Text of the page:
I think you'd do better to look at the substrate. Replacing highly reflective white sand with trees even in the tropics wouldn't be a great idea for albedo, but if you have darker sand or dirt then trees can be a benefit even in temperate zones provided there's not a lot of winter reflection due to snow. And if there is, the type of tree matters too: deciduous trees that drop leaf will have very little effect on a snowy albedo during winter. Evergreens could be an issue.Jamie in Chile wrote: ↑Thu Jun 13, 2019 7:53 pmPlanting trees in the tropics, and avoiding cutting them down, is a genuinely good global warming reduction tactic. But planting trees in the temperate zones makes little difference because the albedo effect counteracts the carbon effect. This is the scientific consensus.
However, if you're engaging in forestry and pulling carbon from the forest as wood then there can be more long term carbon capture that overcomes the albedo change. This is common for evergreen forestry. Albedo is a one time change, if you can capture more carbon than the tree biomass over time you will inevitably surpass albedo. Of course we are most concerned with short term effects, but even there there's a lot of potential in soil biomass for deciduous trees (of course limited, but it brings up important questions of soil quality too).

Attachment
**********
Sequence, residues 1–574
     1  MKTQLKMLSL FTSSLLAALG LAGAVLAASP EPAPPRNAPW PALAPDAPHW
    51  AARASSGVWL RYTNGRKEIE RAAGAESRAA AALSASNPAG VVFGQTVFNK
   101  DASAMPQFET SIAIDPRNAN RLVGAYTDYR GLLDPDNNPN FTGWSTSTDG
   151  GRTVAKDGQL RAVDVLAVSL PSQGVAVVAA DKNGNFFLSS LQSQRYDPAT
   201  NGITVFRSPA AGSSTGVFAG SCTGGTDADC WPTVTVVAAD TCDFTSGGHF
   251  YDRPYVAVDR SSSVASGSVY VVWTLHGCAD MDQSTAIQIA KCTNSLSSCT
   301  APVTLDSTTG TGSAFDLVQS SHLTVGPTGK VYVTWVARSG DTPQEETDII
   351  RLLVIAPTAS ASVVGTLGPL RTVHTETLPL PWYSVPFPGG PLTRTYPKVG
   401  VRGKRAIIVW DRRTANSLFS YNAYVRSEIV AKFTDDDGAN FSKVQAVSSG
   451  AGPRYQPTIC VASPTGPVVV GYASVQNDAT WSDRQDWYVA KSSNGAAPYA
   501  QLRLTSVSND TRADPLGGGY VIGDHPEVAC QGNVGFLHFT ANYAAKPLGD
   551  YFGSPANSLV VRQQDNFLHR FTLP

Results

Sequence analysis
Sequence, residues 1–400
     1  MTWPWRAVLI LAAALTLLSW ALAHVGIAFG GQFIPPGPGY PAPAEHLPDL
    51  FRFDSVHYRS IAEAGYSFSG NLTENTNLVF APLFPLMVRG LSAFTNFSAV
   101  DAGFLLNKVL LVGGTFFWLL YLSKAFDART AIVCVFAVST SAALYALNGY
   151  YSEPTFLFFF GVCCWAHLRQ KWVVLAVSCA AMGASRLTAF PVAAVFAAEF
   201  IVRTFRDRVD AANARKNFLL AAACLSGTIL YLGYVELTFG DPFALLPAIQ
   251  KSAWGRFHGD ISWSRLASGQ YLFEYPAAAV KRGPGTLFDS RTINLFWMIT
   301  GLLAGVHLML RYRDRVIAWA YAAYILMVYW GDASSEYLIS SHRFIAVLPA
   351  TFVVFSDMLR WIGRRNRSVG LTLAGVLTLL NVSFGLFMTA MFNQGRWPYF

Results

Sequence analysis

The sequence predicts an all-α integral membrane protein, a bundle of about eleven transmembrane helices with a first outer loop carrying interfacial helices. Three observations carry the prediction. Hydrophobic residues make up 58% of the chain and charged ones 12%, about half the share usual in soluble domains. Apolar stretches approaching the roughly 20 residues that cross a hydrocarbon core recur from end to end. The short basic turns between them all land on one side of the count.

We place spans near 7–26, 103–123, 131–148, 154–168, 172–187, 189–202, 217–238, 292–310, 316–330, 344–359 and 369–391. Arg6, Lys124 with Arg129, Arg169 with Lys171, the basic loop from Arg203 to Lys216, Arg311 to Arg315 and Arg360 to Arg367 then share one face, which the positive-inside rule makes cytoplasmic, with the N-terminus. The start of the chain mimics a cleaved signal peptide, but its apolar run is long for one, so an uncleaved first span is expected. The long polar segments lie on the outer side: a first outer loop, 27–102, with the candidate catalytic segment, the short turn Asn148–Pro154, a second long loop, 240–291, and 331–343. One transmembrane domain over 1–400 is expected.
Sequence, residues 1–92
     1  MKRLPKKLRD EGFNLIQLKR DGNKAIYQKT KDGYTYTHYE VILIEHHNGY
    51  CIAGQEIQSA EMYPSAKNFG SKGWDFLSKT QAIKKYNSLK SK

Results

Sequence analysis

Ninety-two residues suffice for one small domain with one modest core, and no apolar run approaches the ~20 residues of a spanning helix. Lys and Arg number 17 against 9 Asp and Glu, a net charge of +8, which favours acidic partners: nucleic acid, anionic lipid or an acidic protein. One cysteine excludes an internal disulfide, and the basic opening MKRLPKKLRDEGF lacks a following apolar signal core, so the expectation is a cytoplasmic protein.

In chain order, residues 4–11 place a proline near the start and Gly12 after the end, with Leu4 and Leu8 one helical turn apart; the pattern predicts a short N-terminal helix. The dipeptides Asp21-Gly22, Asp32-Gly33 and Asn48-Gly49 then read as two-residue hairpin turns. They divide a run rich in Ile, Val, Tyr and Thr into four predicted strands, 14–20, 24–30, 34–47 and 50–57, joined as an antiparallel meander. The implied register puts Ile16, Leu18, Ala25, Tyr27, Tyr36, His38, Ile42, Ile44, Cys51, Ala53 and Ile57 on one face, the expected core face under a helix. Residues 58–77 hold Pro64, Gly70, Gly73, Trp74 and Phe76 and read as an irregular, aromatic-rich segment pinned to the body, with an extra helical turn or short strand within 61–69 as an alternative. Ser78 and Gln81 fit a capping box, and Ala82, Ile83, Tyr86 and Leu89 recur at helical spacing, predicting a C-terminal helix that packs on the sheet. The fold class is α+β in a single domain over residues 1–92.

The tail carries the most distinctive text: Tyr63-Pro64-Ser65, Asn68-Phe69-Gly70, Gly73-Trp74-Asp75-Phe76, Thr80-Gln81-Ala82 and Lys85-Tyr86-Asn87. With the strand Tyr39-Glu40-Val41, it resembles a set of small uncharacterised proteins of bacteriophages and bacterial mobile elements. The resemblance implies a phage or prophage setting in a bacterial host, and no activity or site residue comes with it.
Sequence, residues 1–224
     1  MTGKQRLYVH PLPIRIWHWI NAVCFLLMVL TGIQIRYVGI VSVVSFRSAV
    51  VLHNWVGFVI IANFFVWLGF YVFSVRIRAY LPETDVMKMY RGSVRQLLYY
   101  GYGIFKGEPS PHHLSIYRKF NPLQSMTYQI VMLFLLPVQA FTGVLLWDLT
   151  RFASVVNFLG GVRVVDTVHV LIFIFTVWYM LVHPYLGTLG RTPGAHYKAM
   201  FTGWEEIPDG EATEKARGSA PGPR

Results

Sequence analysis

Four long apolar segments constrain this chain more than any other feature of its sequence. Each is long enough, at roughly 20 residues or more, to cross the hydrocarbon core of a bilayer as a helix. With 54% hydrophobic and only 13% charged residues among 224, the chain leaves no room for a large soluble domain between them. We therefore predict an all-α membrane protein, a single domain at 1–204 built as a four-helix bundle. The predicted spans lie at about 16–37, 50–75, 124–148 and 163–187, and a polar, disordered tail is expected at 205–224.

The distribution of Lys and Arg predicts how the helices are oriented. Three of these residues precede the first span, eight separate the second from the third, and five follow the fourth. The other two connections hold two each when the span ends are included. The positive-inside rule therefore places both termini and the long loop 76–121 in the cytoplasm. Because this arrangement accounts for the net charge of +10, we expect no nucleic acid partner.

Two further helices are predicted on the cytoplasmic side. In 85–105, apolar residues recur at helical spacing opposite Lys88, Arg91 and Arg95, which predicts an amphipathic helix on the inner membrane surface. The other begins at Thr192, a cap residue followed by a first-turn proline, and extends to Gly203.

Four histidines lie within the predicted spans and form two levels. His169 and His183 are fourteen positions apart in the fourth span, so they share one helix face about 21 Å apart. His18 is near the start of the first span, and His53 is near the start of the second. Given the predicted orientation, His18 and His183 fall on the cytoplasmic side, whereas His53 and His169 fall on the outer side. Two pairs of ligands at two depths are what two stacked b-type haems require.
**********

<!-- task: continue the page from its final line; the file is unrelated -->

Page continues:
Anyway, complications like that are at least why I wouldn't recommend putting energy into tree planting unless the trees will be productive.
You can repost it here, I'd suggest a new thread. I'd love to read it.Jamie in Chile wrote: ↑Thu Jun 13, 2019 7:53 pmI did a thorough analysis on the effect of tree planting on global warming and posted my findings on another forum. If you are interested ask me to copy and paste it here (it will be a large amount of text including many links) or you can PM me for the link. (I am not going to post links to a competing forum here unless I get told it's OK.)
What's the forum called? If it's a good one maybe we can do a link trade (helps both forums on search ranking).